MARIKANA INQUIRY: SA POLICE VIDEOGRAPHER TAKES STAND
The South African Commission of Inquiry into the Marikana tragedy continued in Rustenburg this week with the cross examination of a police officer who was instrumental in filming the events that occurred between 13 and 16 August 2012.
The commission, chaired by retired Judge Ian Farlam, is tasked with establishing the cause of police opening fire on a group of striking miners employed by Lonmin platinum mine. More than 78 people were wounded in the incident.
President Jacob Zuma has given the commission until January 2013 to finalise its work.
Lieutenant Colonel Johannes Cornelius Botha, who took to the witness stand on Monday, testified that he saw several police nyalas (armoured vehicles), water cannons and other armoured vehicles carrying barbed wire gathering at the scene of the shootings but admitted to have captured little of the gun fire.
His explanation for this was that the helicopter he was in did not fly over one place but made several rounds over the informal settlement where some of the miners died.
Botha said had he known that the koppie, where most miners died, would be “a crime scene” he would have paid more attention to that area. He also said he did not know what the operation was about, but that he knew it was a big operation.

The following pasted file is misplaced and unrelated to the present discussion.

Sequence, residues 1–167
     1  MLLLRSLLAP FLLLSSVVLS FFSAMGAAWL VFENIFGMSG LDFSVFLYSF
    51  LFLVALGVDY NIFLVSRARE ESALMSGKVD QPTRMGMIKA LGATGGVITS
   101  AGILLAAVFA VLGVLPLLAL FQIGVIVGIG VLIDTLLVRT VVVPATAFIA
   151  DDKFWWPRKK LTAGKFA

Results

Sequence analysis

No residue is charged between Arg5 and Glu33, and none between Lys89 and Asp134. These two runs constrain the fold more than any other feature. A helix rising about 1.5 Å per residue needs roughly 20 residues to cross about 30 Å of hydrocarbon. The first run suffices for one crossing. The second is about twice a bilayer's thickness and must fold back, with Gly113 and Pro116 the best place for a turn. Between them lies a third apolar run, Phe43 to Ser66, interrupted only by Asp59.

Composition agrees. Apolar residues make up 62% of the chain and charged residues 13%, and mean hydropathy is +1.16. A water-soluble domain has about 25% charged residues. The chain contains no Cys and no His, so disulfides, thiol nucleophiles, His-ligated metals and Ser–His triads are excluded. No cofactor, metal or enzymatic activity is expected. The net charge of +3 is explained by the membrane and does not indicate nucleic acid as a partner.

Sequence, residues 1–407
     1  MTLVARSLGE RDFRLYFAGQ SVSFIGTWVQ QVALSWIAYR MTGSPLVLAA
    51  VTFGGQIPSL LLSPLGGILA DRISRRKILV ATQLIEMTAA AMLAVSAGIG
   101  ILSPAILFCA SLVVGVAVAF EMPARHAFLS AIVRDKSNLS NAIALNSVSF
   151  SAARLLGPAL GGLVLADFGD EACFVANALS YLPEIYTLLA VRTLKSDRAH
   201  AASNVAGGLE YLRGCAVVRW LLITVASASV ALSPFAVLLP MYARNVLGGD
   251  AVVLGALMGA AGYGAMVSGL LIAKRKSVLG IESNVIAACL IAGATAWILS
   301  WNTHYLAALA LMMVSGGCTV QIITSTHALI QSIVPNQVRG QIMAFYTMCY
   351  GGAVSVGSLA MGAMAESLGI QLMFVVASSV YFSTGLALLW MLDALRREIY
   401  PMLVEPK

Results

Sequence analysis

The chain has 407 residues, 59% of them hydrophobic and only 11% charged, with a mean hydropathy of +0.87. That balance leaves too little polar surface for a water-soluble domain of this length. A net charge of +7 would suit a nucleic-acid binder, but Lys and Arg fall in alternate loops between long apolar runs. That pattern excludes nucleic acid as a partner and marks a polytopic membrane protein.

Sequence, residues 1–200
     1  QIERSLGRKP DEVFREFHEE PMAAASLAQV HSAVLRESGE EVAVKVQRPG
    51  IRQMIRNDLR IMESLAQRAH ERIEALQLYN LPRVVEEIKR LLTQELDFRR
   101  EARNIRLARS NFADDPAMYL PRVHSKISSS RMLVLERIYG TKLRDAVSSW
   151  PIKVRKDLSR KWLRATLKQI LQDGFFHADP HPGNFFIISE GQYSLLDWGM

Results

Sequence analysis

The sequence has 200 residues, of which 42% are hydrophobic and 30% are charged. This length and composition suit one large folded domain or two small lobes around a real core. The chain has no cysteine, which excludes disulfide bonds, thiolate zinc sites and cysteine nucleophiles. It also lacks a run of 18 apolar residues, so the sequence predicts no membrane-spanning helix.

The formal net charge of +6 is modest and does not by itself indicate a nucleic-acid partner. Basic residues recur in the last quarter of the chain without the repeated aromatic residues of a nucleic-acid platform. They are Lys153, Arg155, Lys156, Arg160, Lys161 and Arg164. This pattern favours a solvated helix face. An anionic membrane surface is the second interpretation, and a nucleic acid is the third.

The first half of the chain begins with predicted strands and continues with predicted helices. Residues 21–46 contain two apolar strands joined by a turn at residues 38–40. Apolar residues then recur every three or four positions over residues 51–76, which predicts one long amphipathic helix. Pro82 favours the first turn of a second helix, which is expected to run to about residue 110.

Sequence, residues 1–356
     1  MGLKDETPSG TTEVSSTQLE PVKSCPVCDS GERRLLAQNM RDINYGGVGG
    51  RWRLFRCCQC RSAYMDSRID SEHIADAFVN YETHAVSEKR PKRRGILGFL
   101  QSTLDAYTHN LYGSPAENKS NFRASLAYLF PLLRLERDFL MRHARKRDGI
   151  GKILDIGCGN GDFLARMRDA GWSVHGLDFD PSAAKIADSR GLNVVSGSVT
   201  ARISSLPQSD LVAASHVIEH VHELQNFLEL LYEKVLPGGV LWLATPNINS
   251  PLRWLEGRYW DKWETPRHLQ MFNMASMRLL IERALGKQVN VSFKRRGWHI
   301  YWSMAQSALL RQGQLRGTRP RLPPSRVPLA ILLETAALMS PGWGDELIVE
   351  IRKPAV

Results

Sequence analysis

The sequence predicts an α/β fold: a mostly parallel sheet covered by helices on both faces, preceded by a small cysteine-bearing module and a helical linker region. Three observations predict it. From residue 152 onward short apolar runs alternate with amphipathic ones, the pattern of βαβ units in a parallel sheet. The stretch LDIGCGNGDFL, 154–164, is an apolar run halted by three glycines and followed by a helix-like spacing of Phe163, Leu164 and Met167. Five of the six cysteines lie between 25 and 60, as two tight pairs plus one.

When asked by Advocate Dali Mpofu whether there were shots fired from the police chopper, Botha said he remembered only two stun grenades that were thrown on a group of people.
“I can confirm stun grenades were fired,” Botha said.
He disputed Mpofu's claim that there were 62 police nyalas dispatched at the scene on 16 August.
“That is not correct,” he replied. Botha also could not say whether there were shots fired from other police helicopters deployed in the area that day.
Meanwhile, the commission heard that government would continue to assist the families of the miners, following a decision last week by the Justice Department that it would no longer accommodate them for the entire duration of the inquiry.
In a statement read to the commission on Monday afternoon, Justice Minister Jeff Radebe is quoted as saying he had instructed the state law advisers to amend the regulations governing the Marikana Commission of Inquiry, to ensure that the state makes arrangements to assist representatives of the deceased victims.
The minister intended to submit the proposed amendment to the President before the end of the day. Reports suggested that the decision to discontinue support for the families was taken by the department on Saturday.
But Radebe said he regretted “any confusion and misconception that may have been created by the decision taken by the department”.
“Government has the interests of the families of victims at heart, hence we are working tirelessly to salvage the situation. It should also be noted that the interests of the families are safeguarded by the seasoned legal representatives currently participating in the inquiry which is underway,” said the statement.